Ginseng – You read that correctly, ginseng grows in the Smokies. This is a subspecies of the Chinese variety but it does still have all the same properties – energy and memory restoration. Ginseng has long been harvested in the areas around the park and sold to stores and processors. The ginseng is an herb that has been used by Native American tribes and the European settlers that came later to the area.
One of the natural wonders in the Smoky Mountains are the sections of Old Growth Forest. Inside the 500,000+ acres of land lays 100,000 acres of old growth forest.
Old Growth Forest in the GSMNP is defined as those areas that were not harvested for lumber during the heavy times of the lumber industry before the National Park was founded. The lumber industry before the park service came into play was clear cutting the mountains. They were harvesting the trees as quickly as they could and leaving whole sides of the mountains bare. This, of course, affected the ecosystem and the environment that the animals lived in. With the lumber companies leaving, the new trees did spread and fill in those gaps that had been left behind and planting programs made sure that the trees came back as quickly as possible. Fortunately there were still section of the forest that had been left alone by the lumber industry.
These stands of old growth trees now tower over the trees that are next to them. You can tell when you enter one of these areas due to the enormity of the trees and state of the forest floor around them. Due to the fact that these areas have been left alone the ground cover is different in these areas, the canopy has an entirely different look and you can feel the age of the forest when you step into the shadows of these giant trees.
Most of the time to find these old growth areas you are going to have to hike for a while to get into the middle of these old growth areas. One exception is the Chimney’s picnic area. If you hike almost a mile up the Cove Hardwood Nature Trail, you will find yourself wAndering through a pristine section of old growth forest. Towering hardwoods with their limbs intertwined to shade the floor of the forest and create a canopy that is unbelievable. This short hike is the quickest way to get to an old growth forest section of the GSMNP. Looking for a longer hike that might not be quite as populated: Ramsey Cascade and the Albright Grove Loop Trail will lead you on a meandering trail through old growth sections that are as beautiful as they are hard to reach.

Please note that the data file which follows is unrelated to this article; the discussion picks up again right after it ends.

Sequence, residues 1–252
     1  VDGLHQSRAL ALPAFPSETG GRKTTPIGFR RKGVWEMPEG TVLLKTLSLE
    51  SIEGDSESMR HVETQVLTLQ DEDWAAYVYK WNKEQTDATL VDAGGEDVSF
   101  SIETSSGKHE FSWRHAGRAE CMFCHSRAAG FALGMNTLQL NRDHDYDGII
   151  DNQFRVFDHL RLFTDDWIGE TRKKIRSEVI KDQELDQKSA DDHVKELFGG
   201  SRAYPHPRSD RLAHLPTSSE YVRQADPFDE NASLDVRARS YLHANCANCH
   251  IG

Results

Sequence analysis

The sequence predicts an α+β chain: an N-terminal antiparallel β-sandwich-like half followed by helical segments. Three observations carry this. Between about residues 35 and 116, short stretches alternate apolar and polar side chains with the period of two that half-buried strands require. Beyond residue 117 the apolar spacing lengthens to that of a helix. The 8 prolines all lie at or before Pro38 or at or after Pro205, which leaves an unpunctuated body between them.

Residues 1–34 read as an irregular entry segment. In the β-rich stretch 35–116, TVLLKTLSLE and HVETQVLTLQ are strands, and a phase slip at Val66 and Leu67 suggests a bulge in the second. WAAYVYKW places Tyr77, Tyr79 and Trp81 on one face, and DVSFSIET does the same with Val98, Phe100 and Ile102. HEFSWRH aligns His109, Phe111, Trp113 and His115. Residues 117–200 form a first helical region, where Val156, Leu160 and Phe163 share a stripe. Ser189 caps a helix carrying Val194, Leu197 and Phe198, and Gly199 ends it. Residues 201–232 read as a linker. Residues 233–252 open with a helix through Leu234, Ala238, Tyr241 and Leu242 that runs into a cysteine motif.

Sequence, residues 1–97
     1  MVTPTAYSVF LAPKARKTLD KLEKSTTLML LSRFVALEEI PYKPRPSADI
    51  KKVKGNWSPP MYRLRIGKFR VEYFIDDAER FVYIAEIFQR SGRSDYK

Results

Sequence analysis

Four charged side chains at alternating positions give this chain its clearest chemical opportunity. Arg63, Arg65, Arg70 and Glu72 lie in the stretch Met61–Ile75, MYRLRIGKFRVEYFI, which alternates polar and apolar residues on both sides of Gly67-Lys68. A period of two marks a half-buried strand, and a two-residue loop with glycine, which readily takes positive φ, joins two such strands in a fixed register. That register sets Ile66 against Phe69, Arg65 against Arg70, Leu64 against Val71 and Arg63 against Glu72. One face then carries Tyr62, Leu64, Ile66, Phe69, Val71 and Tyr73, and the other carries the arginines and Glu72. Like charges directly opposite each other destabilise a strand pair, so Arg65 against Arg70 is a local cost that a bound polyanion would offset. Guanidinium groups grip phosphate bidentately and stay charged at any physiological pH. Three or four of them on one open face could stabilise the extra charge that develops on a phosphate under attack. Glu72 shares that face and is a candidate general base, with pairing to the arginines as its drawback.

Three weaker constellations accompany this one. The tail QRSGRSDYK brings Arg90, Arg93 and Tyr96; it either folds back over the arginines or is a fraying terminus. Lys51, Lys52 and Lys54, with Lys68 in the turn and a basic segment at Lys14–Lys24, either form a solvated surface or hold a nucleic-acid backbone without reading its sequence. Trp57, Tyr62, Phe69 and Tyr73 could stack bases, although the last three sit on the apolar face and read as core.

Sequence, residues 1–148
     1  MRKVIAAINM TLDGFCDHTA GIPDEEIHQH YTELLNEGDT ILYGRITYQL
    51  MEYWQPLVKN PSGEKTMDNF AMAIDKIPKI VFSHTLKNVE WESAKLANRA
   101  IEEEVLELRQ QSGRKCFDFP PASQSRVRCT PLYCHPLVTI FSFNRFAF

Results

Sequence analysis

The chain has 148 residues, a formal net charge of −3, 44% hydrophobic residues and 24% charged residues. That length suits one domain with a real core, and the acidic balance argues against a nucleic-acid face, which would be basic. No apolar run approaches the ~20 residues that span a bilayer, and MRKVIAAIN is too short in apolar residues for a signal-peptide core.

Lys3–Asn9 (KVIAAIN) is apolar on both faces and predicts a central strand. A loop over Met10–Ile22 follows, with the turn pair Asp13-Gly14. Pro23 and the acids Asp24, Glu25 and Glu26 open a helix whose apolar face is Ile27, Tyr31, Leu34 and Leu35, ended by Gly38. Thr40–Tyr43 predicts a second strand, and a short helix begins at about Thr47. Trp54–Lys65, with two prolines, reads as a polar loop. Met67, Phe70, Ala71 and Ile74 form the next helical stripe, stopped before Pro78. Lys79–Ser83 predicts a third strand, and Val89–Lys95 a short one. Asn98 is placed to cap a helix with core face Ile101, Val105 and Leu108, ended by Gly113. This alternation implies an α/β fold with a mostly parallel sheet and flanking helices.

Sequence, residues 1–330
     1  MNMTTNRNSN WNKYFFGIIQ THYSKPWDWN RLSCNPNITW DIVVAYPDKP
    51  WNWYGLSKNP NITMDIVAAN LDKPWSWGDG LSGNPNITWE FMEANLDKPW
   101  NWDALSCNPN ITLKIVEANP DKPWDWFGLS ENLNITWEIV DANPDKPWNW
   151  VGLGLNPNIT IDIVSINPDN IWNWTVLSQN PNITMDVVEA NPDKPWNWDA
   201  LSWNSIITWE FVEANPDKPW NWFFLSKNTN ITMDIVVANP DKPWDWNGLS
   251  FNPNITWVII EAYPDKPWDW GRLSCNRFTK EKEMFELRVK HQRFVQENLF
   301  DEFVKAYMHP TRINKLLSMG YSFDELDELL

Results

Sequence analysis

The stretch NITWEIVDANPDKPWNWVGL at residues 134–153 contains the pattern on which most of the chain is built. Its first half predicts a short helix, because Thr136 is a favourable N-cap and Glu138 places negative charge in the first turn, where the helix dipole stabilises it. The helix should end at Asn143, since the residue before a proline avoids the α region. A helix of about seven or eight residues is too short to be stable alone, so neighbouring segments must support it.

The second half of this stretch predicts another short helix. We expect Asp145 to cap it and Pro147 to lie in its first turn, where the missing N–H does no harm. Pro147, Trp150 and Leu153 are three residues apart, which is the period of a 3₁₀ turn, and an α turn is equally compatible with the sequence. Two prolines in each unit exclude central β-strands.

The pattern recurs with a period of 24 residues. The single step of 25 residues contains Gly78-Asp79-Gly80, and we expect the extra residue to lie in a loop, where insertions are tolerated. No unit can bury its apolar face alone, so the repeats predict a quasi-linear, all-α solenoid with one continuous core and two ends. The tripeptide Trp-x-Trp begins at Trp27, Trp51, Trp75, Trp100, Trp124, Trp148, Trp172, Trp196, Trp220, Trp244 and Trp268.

Next visit to the GSMNP, try to find an old growth forest in the Smokies. Take a short hike and stand in the middle of trees that have been around for hundreds of years. Get in the middle of the trees and lie down, looking up through the canopy to the sky. Think of the changes that have happened around these groves of trees as they have survived through the years. You are now a part of that old growth history, take a moment, enjoy it.
The hillsides, valleys and peaks of the Smoky Mountains are covered with color in the late spring and early summer. As you drive across the mountains on Newfound Gap Road you will notice that the brilliant swatches of white and pink seem to be almost endless. The main source of these colors are the vast quantities of rhododendrons that cover the landscape.
The Rhododendron in the Smoky Mountains fall to two types: Rosebay and Catawba. Certainly there are several forms of Azalea that fall into the same category but that is for another discussion. The Rosebay rhododendron is the source for the whitish flashes of color that you find in the lower elevations of the park, up to about 5,000 feet. The Catawba rhododendron is the source of the pinkish swatches of color that cover the high elevations. Throughout most of the year, both types of rhododendrons are dark green with oily looking leaves. Rhododendrons don’t like lots of sun and tend to be in the shady areas of the park and along the streams and creeks. All of a sudden in late June and early July, the buds on these plants burst forth and there is color everywhere. People flock to the Smokies at these times to take in the color and to photograph these majestic plants.